Regardless, the deed is done and here I am, back where I swore I wouldn't be - training up for another hundred.  This time, however, apprehension and excitement have been replaced with a sort of resigned determination.  Unless something is actually sticking out of me (and even then, if there's less than 20 miles to go...), I'm going to do my darndest to get my butt across that 100-mile line.  It won't be fun, and there will be crying and probably multiple temper tantrums (I seem to have 1-2 in a 50-miler, and I expect the curve to be exponential), but I *really* don't want to do this again, and I *really* don't want to end this endeavor with a big, fat DNF, as I'm not particularly good with the word "can't".  As a result, pretty much everything between now and April is a training run toward this goal.  Lots of repetitions of boring courses to get used to repetition and boring, and lots of loooong runs with checked egos (I'm supposed to run slow enough that feel like I could still run more at the end?  wha????)  It also means that I am absolutely not supposed to go all out at races between now and then, which is a little bittersweet (I mean - I was only 13 min from 8:30 at last year's Uwharrie, but on the flip side, I was THIRTEEN minutes from 8:30, so that takes a little pressure off...)  So here we are with a long winter of running ahead (how much fun is winter running anyway?  Don't answer that), but it will be worth it to be able to check this beast off the bucket list as the home team.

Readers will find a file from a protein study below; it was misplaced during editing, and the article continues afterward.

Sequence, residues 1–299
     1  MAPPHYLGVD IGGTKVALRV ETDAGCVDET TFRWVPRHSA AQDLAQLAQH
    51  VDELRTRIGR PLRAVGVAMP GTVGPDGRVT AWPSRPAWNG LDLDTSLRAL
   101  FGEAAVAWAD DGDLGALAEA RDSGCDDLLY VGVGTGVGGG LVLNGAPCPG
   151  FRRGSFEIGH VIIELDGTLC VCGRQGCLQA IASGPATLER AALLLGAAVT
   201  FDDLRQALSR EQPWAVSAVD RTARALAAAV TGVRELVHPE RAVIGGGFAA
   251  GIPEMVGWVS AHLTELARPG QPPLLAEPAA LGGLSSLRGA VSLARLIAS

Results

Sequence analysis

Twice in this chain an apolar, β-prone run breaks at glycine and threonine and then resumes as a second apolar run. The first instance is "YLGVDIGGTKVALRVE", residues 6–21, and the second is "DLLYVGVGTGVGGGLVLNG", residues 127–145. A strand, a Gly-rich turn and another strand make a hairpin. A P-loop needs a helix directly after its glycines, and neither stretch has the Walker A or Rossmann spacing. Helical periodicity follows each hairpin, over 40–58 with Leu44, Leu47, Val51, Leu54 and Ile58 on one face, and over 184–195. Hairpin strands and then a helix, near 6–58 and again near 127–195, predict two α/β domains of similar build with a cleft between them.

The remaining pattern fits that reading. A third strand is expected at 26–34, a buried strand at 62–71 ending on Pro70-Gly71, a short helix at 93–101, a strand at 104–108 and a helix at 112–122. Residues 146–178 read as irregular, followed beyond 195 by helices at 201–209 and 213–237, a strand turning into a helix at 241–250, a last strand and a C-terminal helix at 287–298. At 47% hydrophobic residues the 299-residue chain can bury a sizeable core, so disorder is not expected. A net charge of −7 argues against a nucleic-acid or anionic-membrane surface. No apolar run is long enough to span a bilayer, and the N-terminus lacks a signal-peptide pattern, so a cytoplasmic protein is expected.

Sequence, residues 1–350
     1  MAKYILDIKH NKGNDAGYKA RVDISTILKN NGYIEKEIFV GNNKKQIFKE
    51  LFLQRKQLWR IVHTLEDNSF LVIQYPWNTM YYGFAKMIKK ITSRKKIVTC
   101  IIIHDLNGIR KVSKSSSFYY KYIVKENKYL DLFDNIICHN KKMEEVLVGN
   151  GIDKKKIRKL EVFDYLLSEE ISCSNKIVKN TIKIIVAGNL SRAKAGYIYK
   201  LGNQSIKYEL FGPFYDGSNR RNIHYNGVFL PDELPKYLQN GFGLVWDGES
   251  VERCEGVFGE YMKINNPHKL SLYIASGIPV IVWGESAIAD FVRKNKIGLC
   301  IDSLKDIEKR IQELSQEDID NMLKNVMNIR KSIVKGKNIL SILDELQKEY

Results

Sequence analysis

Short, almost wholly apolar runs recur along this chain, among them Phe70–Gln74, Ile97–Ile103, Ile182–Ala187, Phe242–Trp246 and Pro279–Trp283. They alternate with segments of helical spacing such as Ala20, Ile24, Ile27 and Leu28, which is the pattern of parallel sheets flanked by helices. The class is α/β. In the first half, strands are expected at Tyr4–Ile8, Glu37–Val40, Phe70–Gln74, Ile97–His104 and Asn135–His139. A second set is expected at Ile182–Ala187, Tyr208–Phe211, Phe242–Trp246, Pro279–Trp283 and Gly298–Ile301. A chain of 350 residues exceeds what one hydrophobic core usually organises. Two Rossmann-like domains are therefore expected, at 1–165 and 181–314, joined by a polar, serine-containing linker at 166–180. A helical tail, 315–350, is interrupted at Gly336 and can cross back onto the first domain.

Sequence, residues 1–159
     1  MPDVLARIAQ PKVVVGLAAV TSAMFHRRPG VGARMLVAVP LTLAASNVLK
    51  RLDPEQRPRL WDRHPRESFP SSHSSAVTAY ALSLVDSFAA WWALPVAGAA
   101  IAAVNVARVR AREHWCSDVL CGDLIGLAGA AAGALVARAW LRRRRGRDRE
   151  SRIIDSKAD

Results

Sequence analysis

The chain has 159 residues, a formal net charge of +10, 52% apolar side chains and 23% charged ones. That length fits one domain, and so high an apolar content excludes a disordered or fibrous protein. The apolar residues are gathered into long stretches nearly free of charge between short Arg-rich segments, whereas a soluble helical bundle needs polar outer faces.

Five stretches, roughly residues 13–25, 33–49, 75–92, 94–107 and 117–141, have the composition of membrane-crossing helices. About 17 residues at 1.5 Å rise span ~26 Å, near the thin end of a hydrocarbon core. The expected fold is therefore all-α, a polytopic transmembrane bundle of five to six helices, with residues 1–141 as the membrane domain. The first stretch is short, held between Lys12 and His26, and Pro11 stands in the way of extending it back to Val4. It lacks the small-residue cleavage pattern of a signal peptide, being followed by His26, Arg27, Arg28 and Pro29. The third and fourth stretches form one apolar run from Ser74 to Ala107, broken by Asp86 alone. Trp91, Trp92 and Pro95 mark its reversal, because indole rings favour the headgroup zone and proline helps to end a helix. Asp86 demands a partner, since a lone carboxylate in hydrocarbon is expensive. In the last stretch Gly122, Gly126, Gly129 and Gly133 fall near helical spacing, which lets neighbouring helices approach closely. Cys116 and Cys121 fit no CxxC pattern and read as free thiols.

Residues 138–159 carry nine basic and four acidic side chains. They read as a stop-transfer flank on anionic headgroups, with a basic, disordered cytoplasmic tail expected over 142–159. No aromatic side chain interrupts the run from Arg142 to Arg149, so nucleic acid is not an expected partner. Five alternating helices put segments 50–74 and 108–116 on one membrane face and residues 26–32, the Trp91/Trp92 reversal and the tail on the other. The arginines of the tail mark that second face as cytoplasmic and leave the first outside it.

I actually love running in the snow - it just adds such a lovely
bit of silliness to the mix